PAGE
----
12:21am

Fri February 8, 2013
History

Walking Enthusiasts To Retrace Steps Of 1963 Kennedy March

Originally published on Fri February 8, 2013 9:28 am

Attorney General Robert F. "Bobby" Kennedy uses a bullhorn to address a crowd of demonstrators, June 14, 1963, at the Justice Department. Four months earlier he had walked 50 miles in one day to prove to his brother John that he could do it. His march helped make extreme walking and hiking popular activities.
AP

Fifty years ago this Saturday, U.S. Attorney General Robert F. Kennedy went for a walk — a 50-mile walk, to be exact — trudging through snow and slush from just outside Washington, D.C., all the way to Harper's Ferry, W.Va.

He had no preparation, and no training. And in spite of temperatures well below freezing, he wore Oxford loafers on his feet.

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12:20am

Fri February 8, 2013
Asia

Outside The Big City, A Harrowing Sexual Assault In Rural India

Originally published on Fri February 8, 2013 5:58 pm

Roopa, the pseudonym for a gang rape victim in rural India, is shown at her home in the state of Haryana. Police were reluctant to investigate initially and the community has ostracized her. But her family has stood by her as she presses the case.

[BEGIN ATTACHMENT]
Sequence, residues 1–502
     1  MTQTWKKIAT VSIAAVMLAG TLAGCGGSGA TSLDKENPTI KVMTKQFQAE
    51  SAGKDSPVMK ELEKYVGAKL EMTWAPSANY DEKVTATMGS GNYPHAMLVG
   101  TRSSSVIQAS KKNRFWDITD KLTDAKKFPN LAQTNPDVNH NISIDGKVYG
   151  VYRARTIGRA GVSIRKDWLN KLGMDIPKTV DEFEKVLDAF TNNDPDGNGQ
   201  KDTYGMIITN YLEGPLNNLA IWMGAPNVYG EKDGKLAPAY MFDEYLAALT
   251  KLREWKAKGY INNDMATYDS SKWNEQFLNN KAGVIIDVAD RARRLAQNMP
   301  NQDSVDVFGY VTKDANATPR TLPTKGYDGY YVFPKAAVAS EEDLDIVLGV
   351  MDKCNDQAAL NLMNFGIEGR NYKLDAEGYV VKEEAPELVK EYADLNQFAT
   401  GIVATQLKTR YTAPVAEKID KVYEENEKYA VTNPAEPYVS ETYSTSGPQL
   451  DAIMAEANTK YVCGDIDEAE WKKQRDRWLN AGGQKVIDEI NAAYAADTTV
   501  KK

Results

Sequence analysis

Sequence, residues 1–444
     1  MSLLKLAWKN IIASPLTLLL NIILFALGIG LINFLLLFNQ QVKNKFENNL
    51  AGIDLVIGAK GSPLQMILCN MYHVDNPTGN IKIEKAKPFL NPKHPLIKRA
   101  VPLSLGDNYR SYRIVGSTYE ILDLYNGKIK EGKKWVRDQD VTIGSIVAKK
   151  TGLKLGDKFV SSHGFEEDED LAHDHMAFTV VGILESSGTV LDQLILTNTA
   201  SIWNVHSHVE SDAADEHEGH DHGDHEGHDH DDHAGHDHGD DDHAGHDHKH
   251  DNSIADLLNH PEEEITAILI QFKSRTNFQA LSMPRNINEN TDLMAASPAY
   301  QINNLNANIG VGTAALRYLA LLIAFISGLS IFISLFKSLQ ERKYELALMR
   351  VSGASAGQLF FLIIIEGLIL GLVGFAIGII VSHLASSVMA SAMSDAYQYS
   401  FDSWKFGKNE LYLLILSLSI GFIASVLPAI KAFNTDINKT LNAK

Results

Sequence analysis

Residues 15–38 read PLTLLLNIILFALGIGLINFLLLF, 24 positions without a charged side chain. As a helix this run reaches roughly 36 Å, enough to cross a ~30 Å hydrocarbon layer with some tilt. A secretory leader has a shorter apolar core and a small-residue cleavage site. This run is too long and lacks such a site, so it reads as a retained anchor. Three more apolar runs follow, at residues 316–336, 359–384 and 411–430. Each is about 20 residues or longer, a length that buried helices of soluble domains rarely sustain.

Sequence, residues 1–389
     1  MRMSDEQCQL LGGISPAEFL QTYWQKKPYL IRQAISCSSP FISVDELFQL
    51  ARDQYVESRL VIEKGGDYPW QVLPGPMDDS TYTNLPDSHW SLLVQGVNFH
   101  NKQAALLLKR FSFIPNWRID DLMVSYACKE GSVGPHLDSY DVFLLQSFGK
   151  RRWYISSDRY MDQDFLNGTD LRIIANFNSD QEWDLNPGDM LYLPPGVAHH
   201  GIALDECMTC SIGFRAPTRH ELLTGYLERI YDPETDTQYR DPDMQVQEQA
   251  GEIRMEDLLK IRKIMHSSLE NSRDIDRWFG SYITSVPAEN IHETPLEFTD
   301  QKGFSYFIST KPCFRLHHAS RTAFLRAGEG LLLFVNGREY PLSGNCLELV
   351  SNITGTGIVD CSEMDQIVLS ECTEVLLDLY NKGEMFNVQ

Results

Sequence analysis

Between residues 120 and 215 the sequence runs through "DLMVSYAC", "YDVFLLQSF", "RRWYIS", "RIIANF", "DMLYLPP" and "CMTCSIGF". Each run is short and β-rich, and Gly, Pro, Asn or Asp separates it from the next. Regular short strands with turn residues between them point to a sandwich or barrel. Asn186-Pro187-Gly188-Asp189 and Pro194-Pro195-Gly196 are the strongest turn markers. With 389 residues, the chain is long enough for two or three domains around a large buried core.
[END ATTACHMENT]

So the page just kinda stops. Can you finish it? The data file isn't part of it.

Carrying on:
Julie M. McCarthy NPR

It began as an innocent Sunday outing to see the movie The Life of Pi. By the time the night was over, it had become a grisly gang rape that shocked the world.

Five men went on trial this week, charged with the rape and killing of a 23-year-old woman who died of the injuries she suffered when she was attacked on a bus as it moved through the streets of Delhi — an assault that ignited public outrage over the violence against women in the Indian capital.

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12:14am

Fri February 8, 2013
Planet Money

How Happy Is America?

Originally published on Fri February 8, 2013 9:28 am

In recent years, Canada, France and Britain have added measures of citizen happiness to their official national statistics. The U.S. government is now considering adopting a happiness index as well.

This makes a certain amount of sense. Everything a government does — hiring soldiers, building bridges, providing pensions — is supposed to make citizens happy.

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11:57pm

Thu February 7, 2013

11:35pm

Thu February 7, 2013
StoryCorps

A Life Defined Not By Disability, But Love

Originally published on Fri February 8, 2013 9:28 am

Bonnie Brown with her daughter, Myra, 15. Despite Bonnie's disability, Myra says her mom is everything she needs from a parent.
StoryCorps

When Bonnie Brown was pregnant with her daughter, Myra, she says she felt a mix of joy and anxiety.

"I hadn't ever been pregnant before," she says. "I never had really an idea of how to take care of a baby."

Brown, who is intellectually disabled, works at Wendy's while raising Myra as a single mom. Despite her disability, she says she never felt like her daughter was too much to handle.

"I think because I'm different it might seem hard for me, but I was going to give it all I got no matter what," she tells Myra, now 15, during a visit to StoryCorps.